The money comprises part of the additional turnover raised by energy companies as a result of increased prices related to the energy crisis in 2022.
At least 1.2 billion of the extraordinary profit must be returned to the Danish state, tax minister Jeppe Bruus told business news outlet Finans.
“Overall in 2023 there will be proceeds of 1.2 billion kroner. We want to return that money to consumers through the forthcoming negotiations on inflation relief,” Bruus said.
The minister meanwhile recognised that the 1.2 billion kroner sum is a fraction of what was expected to be recovered, which had been estimated at more than 10 billion.
The tax ministry says it expects 800 million kroner from fossil fuel companies and 400 million kroner from electricity companies to be returned to the state through different regulations applied to either sector.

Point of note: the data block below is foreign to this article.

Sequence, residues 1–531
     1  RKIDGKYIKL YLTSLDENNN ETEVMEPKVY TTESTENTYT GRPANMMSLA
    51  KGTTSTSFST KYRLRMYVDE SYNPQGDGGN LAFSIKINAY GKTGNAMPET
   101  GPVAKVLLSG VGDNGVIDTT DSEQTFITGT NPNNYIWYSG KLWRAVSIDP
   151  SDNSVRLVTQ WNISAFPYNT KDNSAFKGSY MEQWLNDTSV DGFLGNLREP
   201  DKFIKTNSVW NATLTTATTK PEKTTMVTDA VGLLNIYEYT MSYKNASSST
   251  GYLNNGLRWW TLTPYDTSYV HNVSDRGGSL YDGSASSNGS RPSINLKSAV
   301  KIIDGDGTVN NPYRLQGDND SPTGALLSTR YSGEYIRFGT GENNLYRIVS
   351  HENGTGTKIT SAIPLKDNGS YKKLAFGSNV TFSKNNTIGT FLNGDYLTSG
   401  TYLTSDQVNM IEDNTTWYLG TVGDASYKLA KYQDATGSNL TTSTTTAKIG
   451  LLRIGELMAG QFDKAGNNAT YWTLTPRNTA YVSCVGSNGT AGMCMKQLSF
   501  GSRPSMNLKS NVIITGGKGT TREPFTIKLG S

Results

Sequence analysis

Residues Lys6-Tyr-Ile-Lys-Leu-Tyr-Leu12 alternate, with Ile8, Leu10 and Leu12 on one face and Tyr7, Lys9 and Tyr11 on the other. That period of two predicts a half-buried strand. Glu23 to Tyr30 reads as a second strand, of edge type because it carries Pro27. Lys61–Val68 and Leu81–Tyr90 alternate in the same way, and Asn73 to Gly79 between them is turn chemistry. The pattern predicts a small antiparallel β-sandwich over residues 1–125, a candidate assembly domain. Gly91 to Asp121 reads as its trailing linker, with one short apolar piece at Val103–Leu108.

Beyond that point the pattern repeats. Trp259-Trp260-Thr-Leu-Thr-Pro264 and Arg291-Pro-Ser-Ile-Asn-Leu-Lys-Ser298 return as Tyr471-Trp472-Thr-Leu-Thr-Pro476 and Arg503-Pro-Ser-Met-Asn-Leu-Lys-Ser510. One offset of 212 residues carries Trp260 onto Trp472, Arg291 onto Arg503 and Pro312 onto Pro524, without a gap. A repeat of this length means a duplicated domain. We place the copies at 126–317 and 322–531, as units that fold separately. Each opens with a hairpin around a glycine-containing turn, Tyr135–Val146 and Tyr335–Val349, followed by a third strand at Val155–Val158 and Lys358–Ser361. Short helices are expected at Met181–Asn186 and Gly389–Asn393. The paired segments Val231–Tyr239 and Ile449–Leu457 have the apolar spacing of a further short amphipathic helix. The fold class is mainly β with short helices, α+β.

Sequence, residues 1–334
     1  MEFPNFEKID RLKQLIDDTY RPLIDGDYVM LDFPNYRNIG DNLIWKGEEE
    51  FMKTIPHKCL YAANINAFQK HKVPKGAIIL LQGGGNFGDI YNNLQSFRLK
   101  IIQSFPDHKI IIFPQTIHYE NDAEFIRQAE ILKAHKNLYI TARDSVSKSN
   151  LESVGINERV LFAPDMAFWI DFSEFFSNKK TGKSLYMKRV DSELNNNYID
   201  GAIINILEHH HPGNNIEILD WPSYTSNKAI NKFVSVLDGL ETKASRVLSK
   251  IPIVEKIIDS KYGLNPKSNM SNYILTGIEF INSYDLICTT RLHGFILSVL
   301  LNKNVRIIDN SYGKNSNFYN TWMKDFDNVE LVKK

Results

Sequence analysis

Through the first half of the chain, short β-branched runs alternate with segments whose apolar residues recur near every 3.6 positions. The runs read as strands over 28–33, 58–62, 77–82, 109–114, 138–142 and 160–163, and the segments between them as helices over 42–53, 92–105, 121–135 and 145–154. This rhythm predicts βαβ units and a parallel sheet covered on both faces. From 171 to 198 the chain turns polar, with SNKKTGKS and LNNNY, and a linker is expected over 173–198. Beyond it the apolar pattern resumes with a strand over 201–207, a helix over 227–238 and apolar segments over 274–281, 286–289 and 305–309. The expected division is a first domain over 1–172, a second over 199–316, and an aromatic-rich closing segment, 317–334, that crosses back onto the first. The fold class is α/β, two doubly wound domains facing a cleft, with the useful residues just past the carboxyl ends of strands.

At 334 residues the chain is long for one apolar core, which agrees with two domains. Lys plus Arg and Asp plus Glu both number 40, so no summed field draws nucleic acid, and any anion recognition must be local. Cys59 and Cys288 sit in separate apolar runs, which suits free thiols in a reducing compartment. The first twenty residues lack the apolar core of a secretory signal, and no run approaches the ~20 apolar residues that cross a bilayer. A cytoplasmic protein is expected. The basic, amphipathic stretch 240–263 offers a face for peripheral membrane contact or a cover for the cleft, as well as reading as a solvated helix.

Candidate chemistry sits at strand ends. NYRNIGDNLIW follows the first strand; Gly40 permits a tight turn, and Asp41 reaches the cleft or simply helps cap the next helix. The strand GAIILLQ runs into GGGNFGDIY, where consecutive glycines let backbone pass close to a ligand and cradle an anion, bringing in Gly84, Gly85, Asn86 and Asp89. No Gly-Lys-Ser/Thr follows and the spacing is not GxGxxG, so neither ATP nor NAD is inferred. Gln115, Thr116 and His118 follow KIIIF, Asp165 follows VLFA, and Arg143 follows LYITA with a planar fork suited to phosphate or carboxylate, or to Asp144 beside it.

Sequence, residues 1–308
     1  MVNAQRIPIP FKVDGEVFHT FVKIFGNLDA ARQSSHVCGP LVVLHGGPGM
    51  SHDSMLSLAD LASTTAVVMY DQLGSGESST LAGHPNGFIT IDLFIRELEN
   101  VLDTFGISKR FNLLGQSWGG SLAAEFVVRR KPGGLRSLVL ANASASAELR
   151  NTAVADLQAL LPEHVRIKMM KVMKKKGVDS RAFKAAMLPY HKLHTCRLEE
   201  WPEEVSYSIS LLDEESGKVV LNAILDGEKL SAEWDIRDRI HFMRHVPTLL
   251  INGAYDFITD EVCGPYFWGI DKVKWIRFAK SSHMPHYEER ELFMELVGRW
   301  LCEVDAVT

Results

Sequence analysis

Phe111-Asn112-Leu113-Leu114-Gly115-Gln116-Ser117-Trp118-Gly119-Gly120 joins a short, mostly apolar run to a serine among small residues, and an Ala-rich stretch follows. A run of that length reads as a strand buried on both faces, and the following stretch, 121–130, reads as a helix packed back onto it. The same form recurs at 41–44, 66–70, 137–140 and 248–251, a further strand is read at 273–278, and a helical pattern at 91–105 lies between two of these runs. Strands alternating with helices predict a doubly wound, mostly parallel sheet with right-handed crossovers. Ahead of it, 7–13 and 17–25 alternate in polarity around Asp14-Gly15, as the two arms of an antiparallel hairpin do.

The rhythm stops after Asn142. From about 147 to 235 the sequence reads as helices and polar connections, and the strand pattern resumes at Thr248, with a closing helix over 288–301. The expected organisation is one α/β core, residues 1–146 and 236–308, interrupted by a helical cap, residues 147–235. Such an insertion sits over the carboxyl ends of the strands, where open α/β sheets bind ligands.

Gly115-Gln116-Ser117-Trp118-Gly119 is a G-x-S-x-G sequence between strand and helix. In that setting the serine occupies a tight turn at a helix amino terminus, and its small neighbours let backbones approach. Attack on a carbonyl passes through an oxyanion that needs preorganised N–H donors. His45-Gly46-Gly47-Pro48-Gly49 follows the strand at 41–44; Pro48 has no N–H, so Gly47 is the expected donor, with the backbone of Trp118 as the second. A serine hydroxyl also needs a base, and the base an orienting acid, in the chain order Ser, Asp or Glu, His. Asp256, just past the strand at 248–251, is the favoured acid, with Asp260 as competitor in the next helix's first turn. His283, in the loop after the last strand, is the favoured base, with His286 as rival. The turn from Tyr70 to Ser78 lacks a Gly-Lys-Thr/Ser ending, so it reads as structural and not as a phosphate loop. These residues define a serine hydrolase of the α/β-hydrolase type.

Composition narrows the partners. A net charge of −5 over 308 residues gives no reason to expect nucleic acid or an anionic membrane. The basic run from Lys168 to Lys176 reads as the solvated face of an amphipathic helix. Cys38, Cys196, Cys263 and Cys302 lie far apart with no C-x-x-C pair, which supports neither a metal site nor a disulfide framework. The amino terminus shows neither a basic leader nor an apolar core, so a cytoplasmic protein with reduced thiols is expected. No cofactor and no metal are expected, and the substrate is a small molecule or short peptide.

READ ALSO: Danish regulator says electricity companies earn ‘excessive’ profits
In September, the European Commission said plans to cap to energy company profits as well as levy collections from fossil energy companies would raise 140 billion euros.
The policy was a key element of the Commission’s measures to relieve high energy prices for consumers.
The revenue will be used to assist consumers and small businesses that are struggling to pay bills.
READ ALSO: How much will energy cost in 2023 in Denmark compared to 2022?